Army brat Lois Lane has moved so often she hasn’t been able to make a steady friend, save her online buddy SmallvilleGuy. Now the Lanes are in Metropolis to stay, and when Lois discovers what appears to be a case of video game cyberbullying, her heart won’t let her leave the girl being bullied to staying a victim. But Lois couldn’t possibly know that she’s stumbled onto something much bigger — and much darker.
When I decided to read Fallout, I figured I’d knock out its just-over-300 pages out in three 100-page readings. And then I started reading, and I couldn’t stop reading, and a few hours later I was finished with the book and wishing I had this book when I was in high school.
Cyberbullying wasn’t as advanced when I was that age as it is now or as it’s presented in Fallout. The girl Lois is trying to help is being bullied in an immersive MMORPG, and the bullying bleeds over into real life. Unable to keep her sense of justice at bay, Lois stands up for the girl when her bullies confront her at school, and she concocts a plan with her coworkers at the Daily Planet’s high school program to help her from the RPG end.
Balancing Lois’s quest to save her classmate are a number of subplots that tie in: her slightly strained family life, her mysterious internet friend SmallvilleGuy that she’s developing a big crush on, and the strange figure she saw lifting something much too heavy for a regular person in the middle of nowhere, Kansas.
Fallout is filled with near-future sci-fi adventure — the video game system her classmate is being bullied on is way more advanced than your average PlayStation — and little references to the larger Superman universe that those more familiar with the franchise will enjoy.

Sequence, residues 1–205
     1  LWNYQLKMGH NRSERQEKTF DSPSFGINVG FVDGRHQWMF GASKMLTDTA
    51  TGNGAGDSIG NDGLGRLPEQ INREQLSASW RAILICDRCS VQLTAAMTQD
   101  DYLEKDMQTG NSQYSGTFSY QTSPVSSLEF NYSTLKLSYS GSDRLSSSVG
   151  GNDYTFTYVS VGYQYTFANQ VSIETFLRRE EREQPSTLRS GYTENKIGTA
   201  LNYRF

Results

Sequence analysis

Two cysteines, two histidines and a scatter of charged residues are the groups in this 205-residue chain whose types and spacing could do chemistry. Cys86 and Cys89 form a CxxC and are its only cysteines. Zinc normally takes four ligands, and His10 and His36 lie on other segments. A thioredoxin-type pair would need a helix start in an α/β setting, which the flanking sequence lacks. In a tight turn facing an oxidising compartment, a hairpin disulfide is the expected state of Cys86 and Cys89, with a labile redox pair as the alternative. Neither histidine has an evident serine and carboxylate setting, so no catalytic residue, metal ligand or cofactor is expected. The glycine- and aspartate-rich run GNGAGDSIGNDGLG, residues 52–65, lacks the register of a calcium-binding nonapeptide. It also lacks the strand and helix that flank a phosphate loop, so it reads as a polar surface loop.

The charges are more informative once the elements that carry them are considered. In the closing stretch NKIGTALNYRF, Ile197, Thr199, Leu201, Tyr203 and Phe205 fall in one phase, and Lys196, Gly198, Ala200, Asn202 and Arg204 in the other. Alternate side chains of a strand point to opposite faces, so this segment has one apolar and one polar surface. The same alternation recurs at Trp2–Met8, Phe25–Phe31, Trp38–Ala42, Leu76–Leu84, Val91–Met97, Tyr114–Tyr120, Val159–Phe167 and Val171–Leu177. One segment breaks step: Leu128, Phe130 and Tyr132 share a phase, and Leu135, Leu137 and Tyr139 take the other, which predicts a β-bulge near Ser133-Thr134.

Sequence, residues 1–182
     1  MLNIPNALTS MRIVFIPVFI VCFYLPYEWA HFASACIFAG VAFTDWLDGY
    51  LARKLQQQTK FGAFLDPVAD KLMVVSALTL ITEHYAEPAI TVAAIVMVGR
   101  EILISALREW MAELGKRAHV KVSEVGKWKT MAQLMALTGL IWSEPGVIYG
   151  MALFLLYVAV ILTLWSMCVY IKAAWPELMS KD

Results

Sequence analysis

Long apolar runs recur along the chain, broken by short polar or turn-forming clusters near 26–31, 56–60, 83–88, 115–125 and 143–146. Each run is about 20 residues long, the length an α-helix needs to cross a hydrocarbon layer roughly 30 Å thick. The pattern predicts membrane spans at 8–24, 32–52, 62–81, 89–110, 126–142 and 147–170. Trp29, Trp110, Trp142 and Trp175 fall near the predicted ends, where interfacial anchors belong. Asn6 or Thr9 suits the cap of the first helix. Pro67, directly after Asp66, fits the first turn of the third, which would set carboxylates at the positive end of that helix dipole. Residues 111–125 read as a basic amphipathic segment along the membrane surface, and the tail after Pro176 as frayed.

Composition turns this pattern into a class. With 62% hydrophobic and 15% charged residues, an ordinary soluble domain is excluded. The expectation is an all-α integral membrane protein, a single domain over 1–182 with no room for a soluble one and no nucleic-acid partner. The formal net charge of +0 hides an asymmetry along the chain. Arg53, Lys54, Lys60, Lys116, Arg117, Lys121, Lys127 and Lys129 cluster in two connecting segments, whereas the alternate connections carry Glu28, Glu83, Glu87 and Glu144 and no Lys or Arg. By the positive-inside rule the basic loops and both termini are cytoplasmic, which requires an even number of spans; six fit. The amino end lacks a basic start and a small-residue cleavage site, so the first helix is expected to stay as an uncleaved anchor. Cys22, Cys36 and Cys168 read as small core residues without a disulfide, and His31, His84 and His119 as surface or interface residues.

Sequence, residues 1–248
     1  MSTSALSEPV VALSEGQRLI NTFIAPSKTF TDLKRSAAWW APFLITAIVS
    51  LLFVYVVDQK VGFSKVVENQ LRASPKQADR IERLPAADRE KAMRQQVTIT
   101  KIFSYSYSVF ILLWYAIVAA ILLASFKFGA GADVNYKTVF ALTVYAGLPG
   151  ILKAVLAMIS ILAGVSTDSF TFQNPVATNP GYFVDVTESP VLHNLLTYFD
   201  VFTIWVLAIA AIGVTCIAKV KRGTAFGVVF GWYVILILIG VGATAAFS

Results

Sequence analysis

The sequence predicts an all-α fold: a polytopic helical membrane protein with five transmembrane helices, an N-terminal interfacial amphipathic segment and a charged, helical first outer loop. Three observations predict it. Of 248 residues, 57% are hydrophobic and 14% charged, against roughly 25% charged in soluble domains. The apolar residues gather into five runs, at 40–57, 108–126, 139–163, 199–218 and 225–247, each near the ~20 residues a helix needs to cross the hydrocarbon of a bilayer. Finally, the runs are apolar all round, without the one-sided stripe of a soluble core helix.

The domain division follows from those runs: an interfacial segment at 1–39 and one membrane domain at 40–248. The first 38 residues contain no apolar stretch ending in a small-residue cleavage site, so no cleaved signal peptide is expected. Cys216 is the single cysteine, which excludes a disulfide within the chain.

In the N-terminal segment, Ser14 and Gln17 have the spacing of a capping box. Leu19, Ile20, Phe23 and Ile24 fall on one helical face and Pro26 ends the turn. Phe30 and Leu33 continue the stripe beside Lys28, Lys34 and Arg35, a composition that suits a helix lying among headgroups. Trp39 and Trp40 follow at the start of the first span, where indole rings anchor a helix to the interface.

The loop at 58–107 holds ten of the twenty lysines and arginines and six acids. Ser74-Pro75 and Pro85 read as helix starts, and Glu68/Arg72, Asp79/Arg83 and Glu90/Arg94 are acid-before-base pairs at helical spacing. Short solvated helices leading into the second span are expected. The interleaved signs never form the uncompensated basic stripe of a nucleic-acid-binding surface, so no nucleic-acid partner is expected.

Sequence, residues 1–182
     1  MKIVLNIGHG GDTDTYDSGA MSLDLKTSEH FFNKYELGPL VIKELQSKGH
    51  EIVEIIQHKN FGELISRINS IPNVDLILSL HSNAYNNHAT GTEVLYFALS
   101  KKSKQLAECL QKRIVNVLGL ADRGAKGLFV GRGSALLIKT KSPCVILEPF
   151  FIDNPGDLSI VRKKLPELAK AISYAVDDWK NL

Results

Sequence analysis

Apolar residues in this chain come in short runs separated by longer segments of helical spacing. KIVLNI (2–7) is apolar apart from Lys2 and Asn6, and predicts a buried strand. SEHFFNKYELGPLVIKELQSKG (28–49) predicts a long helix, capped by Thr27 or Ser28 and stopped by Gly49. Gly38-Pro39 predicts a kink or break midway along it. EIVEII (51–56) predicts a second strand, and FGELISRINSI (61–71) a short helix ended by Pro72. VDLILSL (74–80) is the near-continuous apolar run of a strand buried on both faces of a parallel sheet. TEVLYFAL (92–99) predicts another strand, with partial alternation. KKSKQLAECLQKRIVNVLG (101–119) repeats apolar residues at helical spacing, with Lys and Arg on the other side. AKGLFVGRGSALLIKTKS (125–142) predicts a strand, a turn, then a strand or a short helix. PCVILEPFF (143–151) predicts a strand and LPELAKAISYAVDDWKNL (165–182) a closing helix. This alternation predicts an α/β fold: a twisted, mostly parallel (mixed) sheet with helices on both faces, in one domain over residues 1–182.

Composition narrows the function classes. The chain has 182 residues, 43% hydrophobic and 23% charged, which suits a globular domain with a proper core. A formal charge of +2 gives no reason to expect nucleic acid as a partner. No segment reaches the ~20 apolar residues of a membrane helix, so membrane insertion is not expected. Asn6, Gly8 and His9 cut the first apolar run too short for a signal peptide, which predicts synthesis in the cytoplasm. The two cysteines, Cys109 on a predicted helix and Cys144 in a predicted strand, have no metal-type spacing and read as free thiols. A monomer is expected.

I’ll admit that I have a bias towards Lois and her story because I see my own teenage self in her. By the time she starts high school in Metropolis, she already has a reputation for the things she’s done because she was curious or because she thought it was right. It’s a story that feels weirdly familiar — and because of that, I want to see how she handles the same situation, and she does so much better than I ever did.
Lois Lane: Fallout is everything a contemporary superhero adaptation novel should be: funny, smart, and with just the right balance of action and suspense. It’s got just enough references to the world of Superman to hook in anyone who picked it up for that reason, but the story belongs entirely to Lois, shows her adventures as a journalist and her growth as a young woman finding a place to belong.
I would recommend Fallout for teens who have an interest in writing or just a lot of curiosity, for readers who enjoy a good investigation, and of course, fans of the Superman franchise.
5 out of 5 stars
Feliza Casano is a fan of anime, manga, and every sort of book as well as editor in chief at Girls in Capes. She writes for all sections of the site, and she’s the one behind GiC’s Facebook and Twitter. Follow her on Twitter @FelizaCasano.